Ozeki Shodai ensured the Spring Grand Sumo Tournament will go down to the final day when he upended sole leader Takayasu on Saturday, March 26 while picking up an all-important eighth win.
There was more drama in the day’s final bout at Osaka Prefectural Gymnasium when new sekiwake Wakatakakage beat ozeki Takakeisho to put him into a two-way tie for the lead with Takayasu at 12-2.
Rank-and-filer Kotonowaka also won his bout while eliminating new ozeki Mitakeumi from contention. The three wins mean there will be a first-time champion on Sunday; either Takayasu, Wakatakakage or Kotonowaka.
Wakatakakage will face Shodai in the final match of the tournament. Two matches earlier, Takayasu will take on sekiwake Abi, who is 7-7 in the Spring Basho, while Kotonowaka and Hoshoryu are set to clash.
It’s been an impressive tournament for Wakatakakage, who is fighting in his debut at sekiwake. He was pushed back by Takakeisho but recovered nicely with a frontal force-out of the stunned ozeki, who dropped to 8-6.
“I wanted to stay low and even if I was taken back at the face-off, I tried to keep low and bring out my style of sumo,” Wakatakakage said. “I’ll just try to do my best tomorrow.”
Shodai was also shoved back to the edge shortly after the face-off but deployed a perfect beltless arm throw to send No. 7 maegashira Takayasu toppling off the raised ring.
Shodai, who started the tournament off with a dismal performance in the first week, completely turned things around in the second week and wrapped up a winning record on Saturday when he improved to 8-6. That means he will retain his ozeki rank for the next tournament in May.
Takayasu could have claimed his first Emperor’s Cup on Saturday with a win over Shodai and a loss by Wakatakakage, but neither happened and he will now have to wait another day.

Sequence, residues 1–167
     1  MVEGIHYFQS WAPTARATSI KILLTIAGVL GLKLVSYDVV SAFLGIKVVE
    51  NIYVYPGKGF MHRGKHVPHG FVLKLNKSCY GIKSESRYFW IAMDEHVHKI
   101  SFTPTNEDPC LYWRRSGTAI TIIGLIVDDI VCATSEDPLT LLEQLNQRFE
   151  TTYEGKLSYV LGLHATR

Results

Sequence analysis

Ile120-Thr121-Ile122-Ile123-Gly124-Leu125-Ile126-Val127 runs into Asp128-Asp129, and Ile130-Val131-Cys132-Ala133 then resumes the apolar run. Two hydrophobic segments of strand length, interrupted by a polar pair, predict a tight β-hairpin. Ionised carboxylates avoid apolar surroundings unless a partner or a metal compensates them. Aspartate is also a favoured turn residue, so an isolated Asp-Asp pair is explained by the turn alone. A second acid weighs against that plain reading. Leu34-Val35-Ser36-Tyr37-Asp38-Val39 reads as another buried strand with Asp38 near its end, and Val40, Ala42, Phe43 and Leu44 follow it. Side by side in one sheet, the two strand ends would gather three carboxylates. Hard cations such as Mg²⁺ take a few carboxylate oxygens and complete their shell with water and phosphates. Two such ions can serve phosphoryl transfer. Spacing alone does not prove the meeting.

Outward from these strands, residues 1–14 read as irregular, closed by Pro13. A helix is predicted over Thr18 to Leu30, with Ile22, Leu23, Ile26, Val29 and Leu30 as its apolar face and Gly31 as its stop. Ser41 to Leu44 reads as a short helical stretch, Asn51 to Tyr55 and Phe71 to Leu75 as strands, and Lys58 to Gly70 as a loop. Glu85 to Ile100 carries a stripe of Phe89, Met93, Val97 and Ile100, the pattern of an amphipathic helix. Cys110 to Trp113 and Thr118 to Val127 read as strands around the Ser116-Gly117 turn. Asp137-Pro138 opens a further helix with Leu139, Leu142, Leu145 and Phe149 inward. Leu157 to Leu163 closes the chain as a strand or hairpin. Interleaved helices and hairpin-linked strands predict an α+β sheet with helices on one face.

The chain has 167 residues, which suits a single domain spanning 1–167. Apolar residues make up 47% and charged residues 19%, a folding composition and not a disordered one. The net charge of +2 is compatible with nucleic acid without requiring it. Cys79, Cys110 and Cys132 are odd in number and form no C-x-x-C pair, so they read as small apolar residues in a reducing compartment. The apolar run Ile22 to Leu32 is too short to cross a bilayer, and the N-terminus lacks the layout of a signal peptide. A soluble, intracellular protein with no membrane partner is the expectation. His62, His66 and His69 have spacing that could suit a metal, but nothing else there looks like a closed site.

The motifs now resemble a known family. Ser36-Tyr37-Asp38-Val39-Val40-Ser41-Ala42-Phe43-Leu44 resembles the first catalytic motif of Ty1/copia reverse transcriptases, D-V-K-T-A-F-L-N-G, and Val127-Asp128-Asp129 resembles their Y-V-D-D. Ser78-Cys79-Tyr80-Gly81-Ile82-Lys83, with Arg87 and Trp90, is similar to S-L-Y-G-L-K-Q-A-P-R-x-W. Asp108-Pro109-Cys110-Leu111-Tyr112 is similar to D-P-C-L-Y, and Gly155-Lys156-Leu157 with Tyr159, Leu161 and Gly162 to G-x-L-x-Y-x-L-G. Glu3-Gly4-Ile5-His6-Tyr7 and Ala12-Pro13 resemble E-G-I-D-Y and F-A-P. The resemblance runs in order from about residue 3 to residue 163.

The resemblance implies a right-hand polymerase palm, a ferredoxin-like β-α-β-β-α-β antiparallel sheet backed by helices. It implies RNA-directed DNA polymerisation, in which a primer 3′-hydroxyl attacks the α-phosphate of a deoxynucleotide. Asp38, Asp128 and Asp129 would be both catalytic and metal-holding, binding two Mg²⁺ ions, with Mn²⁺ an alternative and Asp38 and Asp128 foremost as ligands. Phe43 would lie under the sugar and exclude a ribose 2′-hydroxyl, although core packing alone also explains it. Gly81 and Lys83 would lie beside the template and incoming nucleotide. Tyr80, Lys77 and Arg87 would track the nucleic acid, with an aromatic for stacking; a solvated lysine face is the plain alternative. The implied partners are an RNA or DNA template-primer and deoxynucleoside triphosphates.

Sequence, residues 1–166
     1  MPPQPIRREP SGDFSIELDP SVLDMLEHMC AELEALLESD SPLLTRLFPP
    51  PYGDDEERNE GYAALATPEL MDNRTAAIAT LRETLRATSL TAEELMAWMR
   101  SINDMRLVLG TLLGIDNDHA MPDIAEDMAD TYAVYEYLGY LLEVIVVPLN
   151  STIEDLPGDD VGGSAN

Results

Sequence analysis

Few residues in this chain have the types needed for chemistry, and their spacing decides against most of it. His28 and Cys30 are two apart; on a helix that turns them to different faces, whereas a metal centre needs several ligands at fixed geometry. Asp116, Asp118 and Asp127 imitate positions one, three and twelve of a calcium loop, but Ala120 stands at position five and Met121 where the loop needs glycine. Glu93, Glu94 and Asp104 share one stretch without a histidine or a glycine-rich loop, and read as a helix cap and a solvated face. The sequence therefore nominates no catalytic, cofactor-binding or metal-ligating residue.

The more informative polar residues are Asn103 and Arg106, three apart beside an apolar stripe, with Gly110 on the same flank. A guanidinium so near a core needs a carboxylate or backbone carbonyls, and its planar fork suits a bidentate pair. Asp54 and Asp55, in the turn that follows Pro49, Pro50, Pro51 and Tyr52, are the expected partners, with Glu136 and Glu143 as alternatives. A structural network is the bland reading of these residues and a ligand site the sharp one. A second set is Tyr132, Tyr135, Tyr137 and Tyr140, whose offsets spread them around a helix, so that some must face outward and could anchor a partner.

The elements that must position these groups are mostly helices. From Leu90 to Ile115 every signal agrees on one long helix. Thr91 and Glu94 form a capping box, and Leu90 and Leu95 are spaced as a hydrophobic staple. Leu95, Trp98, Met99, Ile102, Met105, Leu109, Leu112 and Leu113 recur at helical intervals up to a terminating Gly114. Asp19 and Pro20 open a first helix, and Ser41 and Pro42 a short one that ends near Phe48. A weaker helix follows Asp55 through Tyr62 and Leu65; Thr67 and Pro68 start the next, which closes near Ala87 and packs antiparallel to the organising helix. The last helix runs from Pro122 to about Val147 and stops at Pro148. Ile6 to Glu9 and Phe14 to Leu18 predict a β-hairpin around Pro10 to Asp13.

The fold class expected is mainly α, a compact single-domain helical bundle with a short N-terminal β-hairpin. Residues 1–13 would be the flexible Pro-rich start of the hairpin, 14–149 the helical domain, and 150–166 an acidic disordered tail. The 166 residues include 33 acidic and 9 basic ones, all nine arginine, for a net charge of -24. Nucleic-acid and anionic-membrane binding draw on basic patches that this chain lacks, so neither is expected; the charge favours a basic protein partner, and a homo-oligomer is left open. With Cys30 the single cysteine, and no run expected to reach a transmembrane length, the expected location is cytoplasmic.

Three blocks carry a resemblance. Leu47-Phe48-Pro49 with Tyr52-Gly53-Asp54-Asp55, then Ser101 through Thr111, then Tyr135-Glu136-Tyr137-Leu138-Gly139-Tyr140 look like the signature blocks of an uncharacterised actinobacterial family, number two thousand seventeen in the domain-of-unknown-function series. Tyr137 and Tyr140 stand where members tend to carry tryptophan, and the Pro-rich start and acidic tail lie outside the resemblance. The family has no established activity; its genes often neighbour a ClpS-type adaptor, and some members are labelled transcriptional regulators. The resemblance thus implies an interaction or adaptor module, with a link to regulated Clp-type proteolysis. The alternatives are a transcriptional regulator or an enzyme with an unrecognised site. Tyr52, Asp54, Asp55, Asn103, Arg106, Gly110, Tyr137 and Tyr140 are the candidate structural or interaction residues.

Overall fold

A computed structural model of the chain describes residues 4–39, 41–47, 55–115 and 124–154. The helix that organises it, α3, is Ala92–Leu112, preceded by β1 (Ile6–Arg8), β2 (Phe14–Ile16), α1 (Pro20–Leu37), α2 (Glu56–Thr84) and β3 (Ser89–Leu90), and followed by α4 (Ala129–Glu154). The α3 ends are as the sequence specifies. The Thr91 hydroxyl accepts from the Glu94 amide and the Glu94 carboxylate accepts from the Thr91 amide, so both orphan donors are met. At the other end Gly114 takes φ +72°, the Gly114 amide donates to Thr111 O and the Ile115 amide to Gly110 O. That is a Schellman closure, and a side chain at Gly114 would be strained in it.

Kotonowaka (left) and Mitakeumi square off at the start of their match. (ⒸSANKEI)
No. 6 maegashira Kotonowaka got both hands inside on Mitakeumi and shoved the new ozeki out to stay in the title chase at 11-3 while knocking Mitakeumi out of contention.
Mitakeumi was hoping to win his first tournament at sumo’s second-highest rank after being promoted in January, but couldn’t get it done over the final week when he lost three times and now stands at 10-4.
“Mitakeumi has a lot of power so I didn’t want to allow him to bring his A-game,” said Kotonowaka. “I just want to do good sumo on the final day and see what happens.”
Hoshoryu tosses Endo out of the raised ring. (ⒸSANKEI)
In other major bouts, komusubi Hoshoryu improved to 7-7 when he dodged to his left and slapped Endo down. Hoshoryu will be eager to wrap up a winning record on the final day to keep his “sannyaku” status in May.
Fourth-ranked Endo is also at 7-7 and will be bidding for a winning record on the final day of competition.
Sumo’s flying monkey Tobizaru, a ninth-ranked maegashira, wrapped up a winning record when he used a frontal push-down to defeat Kiribayama and improve to 8-6. No. 4 Kiribayama fell to 9-5.
In a highly entertaining bout, Tochinoshin prevailed with a hard-fought win over Wakamotoharu.
No. 15 maegashira Tochinoshin attempted two arm throws before finally using a frontal force-out to improve to a very respectable 9-5.
No. 9 Wakamotoharu threw Tochinoshin down with a dynamic arm throw at the end of the bout but had already stepped out and dropped to 8-6.
Another crowd-pleasing match came when Kotoeko used an impressive beltless arm throw at the edge to topple Sadanoumi.
No. 12 Kotoeko picked up his ninth win against five losses while struggling eighth-ranked maegashira Sadanoumi fell to 4-10 and will be moving down the rankings for the next tournament.
Follow Jim’s daily reports on the sumo Spring Basho here.
Author: Jim Armstrong
New Year Basho Tournament Records